Quad City Arts Debuts New Public Sculptures Around Quad-Cities
Six public sculptures in Bettendorf and four in Rock Island are in the process of being replaced with new ones. Each city has elected to keep one sculpture from last years’ selection for another year. Quad City Arts has facilitated the leasing and installation of public sculpture in the Quad Cities since 2002. The City of Rock Island has participated in the program, yearly, since 2007 and Bettendorf, since 2008. All of the sculptures are for sale and can be purchased by individuals, businesses or the city for permanent installation after June of the following year.
In Bettendorf, look for “Uncle Andy” on the hillside in Faye’s Field near the Bettendorf Public Library. Created by Paul Bobrowitz of Colgate, WI, “Uncle Andy” is everyone’s favorite uncle taking the kids for a walk in the park to enjoy nature.
At Martha’s Point on State Street and Riverdrive, notice “Windows” also by Paul Bobrowitz. “We all see things differently. ‘Windows’ is my representation of three divergent points of view through that window,” states Bobrowitz. He explained that his sculpture is especially relevant at this time in the world when people have differing opinions about everything going on.
At the entrance to Veteran’s Memorial Park, pedestrians, cyclists, and cars will all pass by “Triumph” by Ben Pierce of Cape Girardeau, MO who explains, “I take a minimalist approach to my designs; this sculpture is no exception. “Triumph” was created as part of a series of work where I challenged myself to create by limiting my design elements to only use two straight lines and one circle. Unintentionally this sculpture began to look like a person with their arms stretched out above them in a victorious pose- which is where I derived the title- “Triumph”. Note: Pierce has another sculpture on permanent display at the top of Faye’s Field.
Traveling along State Street just before the Waterfront Convention Center, notice “Time Passes” by Moline
artist David Zahn. “The human form has always been a major element in my work. Integrating images of people and blending them with abstract forms has been a long-lasting direction in my art. I strive to create a feeling of timelessness and a strong emotional element in each piece.”
On the plaza at the Waterfront Convention Center, viewers are encouraged to engage with “Talk, Talk, Smile” by Leslie Bruning of Council Bluffs, IA. Bruning explain that “TALK-TALK-SMILE is a street conversation that
determines the quality of life on a neighborhood street. Neighbors need to converse with each other, and they can be most effective if they do it with a smile on their face. The perforated steel creates a translucent quality that brings the faces and words in and out of focus and allows the viewers to see each other in the neighborhood through the sculpture. This encourages a sense of shared space on the street.” The meaning of this sculpture is has never been more important.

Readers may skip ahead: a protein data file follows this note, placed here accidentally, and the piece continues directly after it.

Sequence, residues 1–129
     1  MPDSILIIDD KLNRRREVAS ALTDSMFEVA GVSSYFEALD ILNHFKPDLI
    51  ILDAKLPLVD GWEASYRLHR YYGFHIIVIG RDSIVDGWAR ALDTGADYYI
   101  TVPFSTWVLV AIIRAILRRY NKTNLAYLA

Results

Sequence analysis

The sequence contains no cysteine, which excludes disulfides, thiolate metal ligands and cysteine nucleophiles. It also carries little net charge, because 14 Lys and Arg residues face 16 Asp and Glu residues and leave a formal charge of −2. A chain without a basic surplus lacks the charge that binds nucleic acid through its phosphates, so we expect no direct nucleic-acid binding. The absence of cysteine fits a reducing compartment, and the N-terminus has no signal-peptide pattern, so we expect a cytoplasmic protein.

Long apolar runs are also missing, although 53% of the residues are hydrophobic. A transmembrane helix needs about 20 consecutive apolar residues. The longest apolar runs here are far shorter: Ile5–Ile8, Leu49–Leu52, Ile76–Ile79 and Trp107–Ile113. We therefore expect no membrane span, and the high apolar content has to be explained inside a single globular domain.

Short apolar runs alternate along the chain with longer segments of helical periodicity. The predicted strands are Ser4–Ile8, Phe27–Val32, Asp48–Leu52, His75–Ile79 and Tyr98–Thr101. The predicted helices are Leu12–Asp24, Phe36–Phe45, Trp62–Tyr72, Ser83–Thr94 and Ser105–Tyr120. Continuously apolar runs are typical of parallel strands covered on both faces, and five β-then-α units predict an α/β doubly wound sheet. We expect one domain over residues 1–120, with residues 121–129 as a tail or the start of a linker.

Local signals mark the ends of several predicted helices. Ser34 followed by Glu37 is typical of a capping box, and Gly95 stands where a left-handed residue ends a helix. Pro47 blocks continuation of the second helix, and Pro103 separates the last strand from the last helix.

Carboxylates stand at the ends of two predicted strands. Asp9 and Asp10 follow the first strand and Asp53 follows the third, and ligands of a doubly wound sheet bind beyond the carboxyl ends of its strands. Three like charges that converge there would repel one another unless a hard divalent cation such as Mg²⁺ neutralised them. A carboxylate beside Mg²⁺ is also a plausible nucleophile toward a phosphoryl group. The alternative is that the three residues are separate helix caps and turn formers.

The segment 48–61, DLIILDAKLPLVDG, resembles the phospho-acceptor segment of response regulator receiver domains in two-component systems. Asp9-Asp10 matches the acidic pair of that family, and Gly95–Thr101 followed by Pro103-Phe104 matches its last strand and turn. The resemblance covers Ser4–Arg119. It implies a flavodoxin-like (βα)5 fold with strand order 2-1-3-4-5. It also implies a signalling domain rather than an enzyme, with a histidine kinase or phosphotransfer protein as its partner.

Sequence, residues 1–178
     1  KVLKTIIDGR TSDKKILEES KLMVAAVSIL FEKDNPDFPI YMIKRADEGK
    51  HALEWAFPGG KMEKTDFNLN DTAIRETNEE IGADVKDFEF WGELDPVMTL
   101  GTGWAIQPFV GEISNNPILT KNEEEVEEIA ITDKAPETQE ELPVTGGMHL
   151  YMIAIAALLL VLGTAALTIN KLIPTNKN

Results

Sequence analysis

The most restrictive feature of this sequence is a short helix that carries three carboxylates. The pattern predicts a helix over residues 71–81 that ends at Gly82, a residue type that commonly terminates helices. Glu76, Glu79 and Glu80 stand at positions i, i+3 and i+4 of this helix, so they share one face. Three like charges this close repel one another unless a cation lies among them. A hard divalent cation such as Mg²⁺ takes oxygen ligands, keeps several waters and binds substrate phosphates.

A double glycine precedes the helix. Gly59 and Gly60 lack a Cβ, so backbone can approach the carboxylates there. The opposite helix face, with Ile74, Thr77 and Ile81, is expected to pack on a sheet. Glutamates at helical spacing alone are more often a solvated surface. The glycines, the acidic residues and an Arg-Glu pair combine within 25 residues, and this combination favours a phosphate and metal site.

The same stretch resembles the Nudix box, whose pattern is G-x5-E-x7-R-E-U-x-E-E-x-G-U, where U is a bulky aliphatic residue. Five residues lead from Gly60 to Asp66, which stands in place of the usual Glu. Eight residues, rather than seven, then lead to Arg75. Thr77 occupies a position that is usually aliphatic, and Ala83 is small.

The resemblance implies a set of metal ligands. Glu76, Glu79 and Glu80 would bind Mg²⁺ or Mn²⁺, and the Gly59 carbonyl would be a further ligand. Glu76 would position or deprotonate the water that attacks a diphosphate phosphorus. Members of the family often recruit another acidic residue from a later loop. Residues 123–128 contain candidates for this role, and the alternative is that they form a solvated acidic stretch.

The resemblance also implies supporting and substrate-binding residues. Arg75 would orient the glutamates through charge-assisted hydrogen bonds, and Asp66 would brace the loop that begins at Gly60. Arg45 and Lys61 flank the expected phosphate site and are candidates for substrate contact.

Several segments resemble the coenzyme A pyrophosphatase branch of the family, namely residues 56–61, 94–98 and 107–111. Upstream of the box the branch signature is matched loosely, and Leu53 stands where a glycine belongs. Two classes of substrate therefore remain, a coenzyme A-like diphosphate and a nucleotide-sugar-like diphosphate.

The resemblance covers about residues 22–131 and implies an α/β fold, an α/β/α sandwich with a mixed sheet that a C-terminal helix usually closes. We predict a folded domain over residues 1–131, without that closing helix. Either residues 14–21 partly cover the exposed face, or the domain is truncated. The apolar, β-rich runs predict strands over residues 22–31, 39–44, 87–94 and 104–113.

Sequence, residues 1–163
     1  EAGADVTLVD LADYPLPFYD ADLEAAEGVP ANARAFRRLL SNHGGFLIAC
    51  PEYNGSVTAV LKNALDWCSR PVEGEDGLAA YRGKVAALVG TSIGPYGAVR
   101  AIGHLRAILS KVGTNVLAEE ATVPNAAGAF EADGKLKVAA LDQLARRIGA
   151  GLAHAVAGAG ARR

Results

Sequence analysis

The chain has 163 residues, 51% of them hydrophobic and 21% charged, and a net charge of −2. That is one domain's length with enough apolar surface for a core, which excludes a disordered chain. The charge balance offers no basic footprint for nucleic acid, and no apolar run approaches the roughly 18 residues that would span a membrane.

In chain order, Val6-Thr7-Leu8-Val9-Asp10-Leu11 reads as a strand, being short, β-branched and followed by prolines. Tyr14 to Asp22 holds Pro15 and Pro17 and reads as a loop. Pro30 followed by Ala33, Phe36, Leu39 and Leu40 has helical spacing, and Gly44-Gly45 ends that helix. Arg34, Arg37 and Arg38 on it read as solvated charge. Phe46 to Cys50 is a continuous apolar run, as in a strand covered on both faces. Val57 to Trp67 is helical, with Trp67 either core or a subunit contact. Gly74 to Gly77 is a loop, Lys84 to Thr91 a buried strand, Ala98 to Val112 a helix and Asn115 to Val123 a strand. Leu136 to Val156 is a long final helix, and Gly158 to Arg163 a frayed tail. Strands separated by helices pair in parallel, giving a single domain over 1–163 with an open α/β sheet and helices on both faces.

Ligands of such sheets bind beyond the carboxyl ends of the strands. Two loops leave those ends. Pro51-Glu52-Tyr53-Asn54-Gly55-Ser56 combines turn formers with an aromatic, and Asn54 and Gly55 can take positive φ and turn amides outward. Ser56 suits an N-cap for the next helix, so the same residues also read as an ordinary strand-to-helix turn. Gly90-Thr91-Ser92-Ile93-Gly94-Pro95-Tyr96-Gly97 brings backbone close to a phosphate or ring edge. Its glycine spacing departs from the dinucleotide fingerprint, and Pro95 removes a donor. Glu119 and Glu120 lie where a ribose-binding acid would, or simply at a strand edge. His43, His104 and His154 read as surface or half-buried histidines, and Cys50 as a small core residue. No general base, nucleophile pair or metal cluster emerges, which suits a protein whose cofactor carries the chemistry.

Coming soon to the Bettendorf Community Center will be “Seeking Shelter” by Andrew Arvanetes of Chicago. “My sculptures have always been object-oriented and narrative in nature. I attempt to achieve this connection with my audience by utilizing universal visual details.” This sculpture would be fun to make up a story about. Note: Andrew Arvanetes also created “Swoop” on permanent display in front of the Fire station on State Street, as well as a sculpture on the viewing deck behind the Isle Casino Hotel.
On display for another year is “Just Visiting” by Donald Horstman of Fenton, MO. “Just Visiting” is a flock of butterflies taking off in front of Ascentra Credit Union, on State Street.
In Rock Island, patrons to the Southwest branch library can enjoy “Awake” by Miki Lemieux. “Awake, refers to the “understory” of organic matter and life. This is essential to life; everything has an understory of that which came before. Fossils and time convert into fossil fuel. New life sprouts in awareness from seed or egg. This delicate balance of birth, growth and transformation are cycles that maintain Earth. There are numerous micro-ecosystems all around us, in us, and a part of us. What flourishes and what does not, what evolves, what grows extinct? Life is in constant flux and continual renewal.
Near the Genesius Stage in Lincoln Park, picnickers will discover “Reaching to the Moon” by Tim Frye, of Shumway, IL. Frye explains, “As humans, our never-ending dreams consist of growing and always reaching upward. It is interesting that nature too moves in this way. This sculpture was designed to have kinetic motion. The upper section sways gently in the wind.”
Those visiting Longview Park will be delighted to find “Spring Fling” by Donald Horstman, of Fenton, MO. “Spring is the time for seeds to be blown in the wind.”
Just outside Longview Park at the intersection known as “Five Points” will be “Moon shadow” by Peter N. Gray of Chicago. “Moon Shadow was inspired by last year’s full eclipse of the moon and the orbits of the moon and earth. The moon pendulum (fixed on the sculpture) refers to the phases of the moon.” (Expected soon, this sculpture was delayed due to rioting and street closures in Chicago.)
“Growing Up” by Ben Pierce, will remain in front of the Centennial Bridge Visitor’s Center for another year. “This sculpture pays respect to my family history and lineage of bricklayers. My father is a 3rd generation bricklayer and I spent a lot of time as a kid on the jobsite. I would play in sand piles that were used to mix with the Portland cement and water to make the mortar. I remember climbing up on the scaffolding and watching my dad as he laid bricks. Using or mimicking a plant-like form, to show growth. Placing the bricks inside a circular shape on a form that is largely angular highlights the brick to showcase their value. As the form grows, the bricks are an integral part- just like in my own growth and childhood,” explains Pierce.